“It was a nightmare keeping the B-36 in commission and battle-ready,” recalled former Staff Sgt. Manfred Wiest. “It would come back after missions with pages and pages of reports. It’s debatable whether it would have been useful in a war situation.”

The advanced, radar-guided remote cannons on the plane—a scaled-up B-29 system—were rendered worthless. At altitude, the guns froze, their electronics interfered with every radio on the plane, and only a few guns could discharge a single belt of ammunition without malfunctioning. Convair boasted that it was the most extensive defensive armament ever installed on a warplane, omitting to note that it was ineffective. All but the tail weapons were removed from B-36s soon after.

The B-36’s designers didn’t intend for the bomber to be armed with 20mm cannons. The objective was for the plane to gently climb to altitude—40,000 feet at first, then 45,000 feet—where its thick wing would continue to provide superb handling. Fighters would struggle to match its ascent, if not its moderate cruise speed of 250 miles per hour, and once the bomber and interceptor were engaged, all the B-36 needed to do was turn away from the fighter, which would be unable to follow the move.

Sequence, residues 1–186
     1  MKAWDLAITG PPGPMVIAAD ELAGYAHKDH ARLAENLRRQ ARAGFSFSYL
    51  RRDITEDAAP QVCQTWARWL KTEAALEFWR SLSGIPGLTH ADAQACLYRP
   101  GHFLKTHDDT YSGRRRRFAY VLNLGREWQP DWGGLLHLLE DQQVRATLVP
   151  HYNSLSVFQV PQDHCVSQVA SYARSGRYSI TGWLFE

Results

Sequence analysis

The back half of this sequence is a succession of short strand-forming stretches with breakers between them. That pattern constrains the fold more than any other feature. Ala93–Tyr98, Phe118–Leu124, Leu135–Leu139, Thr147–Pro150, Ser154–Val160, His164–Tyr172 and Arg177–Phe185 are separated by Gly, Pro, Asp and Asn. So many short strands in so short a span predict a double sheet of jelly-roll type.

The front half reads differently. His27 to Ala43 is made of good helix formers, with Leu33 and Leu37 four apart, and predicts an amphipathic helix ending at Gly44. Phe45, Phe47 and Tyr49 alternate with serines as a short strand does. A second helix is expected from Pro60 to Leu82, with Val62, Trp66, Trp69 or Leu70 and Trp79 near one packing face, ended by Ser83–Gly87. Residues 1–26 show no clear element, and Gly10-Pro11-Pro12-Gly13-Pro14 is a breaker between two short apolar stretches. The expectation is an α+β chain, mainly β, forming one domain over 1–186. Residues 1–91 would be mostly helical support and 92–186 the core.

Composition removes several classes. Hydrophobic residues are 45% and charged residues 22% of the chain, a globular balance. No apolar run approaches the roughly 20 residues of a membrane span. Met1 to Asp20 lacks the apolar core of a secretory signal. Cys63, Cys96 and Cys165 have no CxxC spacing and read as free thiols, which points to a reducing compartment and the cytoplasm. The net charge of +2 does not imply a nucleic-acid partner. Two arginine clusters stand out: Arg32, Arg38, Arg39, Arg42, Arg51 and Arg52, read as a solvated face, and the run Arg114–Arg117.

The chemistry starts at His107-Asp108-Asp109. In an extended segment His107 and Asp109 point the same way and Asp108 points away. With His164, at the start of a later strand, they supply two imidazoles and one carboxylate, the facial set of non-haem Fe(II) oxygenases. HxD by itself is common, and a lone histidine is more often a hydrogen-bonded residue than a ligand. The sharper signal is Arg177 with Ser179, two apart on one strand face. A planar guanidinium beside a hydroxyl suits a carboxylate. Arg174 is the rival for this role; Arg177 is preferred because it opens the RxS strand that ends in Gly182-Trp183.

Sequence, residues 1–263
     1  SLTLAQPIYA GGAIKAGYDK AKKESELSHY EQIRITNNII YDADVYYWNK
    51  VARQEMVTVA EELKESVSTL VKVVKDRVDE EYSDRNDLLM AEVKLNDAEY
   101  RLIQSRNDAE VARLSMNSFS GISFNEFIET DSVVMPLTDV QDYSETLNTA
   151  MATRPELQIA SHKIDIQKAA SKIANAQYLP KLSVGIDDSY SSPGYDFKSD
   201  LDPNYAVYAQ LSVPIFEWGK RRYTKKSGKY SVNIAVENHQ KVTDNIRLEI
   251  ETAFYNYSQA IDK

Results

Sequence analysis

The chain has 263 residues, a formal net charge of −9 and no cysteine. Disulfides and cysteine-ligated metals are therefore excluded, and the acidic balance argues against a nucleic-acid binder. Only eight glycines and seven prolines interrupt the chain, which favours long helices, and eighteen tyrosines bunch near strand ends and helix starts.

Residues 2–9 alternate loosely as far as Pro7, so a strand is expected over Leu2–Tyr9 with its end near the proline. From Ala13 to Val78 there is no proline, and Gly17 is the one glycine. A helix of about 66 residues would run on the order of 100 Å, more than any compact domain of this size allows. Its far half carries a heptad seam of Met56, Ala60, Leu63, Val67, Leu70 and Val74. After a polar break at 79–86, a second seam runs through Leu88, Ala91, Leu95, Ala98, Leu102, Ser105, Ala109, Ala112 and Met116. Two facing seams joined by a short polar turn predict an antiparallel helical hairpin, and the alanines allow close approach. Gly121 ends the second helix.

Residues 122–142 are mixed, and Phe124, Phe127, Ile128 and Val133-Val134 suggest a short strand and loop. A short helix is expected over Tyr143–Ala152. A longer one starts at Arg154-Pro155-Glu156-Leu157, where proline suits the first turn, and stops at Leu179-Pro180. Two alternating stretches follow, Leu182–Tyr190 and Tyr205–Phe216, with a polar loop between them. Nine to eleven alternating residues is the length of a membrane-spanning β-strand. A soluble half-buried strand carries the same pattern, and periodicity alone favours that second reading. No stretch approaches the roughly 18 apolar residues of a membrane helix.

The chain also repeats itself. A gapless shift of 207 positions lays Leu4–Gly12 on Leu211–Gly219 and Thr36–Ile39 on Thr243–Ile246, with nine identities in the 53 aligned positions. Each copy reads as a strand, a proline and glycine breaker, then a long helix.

Former B-36 pilot David Flaming remembered, “We could dodge them merely by making a little spin.” “They couldn’t move at those heights, whereas we could easily fly at 40, 45,000 feet. They couldn’t compensate if you merely changed your orientation a little.”

Chuck Yeager got a few gun-camera hits in a test intercept against a B-36, but stated that holding a Sabre steady enough for accurate firing at 40,000 feet was difficult. Late-model B-36s known as Featherweights were stripped and lightened to fly as high as 50,000 feet, with one rumored to fly as high as 59,000 feet.

With the appearance of the MiG-17 and later the MiG-19, as well as the first ground-to-air missiles, things would alter by the mid-1950s. The B-36’s operating life was only about four years.

The B-36’s main engine was the R-4360 Wasp Major, a ridiculously large 28-cylinder radial with four rows of cylinders, earning it the nickname Corncob. Despite its 3,000 horsepower—which increased to 3,800 horsepower in the B-36H’s most advanced, fuel-injected version—even six of them left the bomber underpowered. Convair sought to work on a more powerful engine, possibly a turboprop, but the Air Force’s budget didn’t allow it.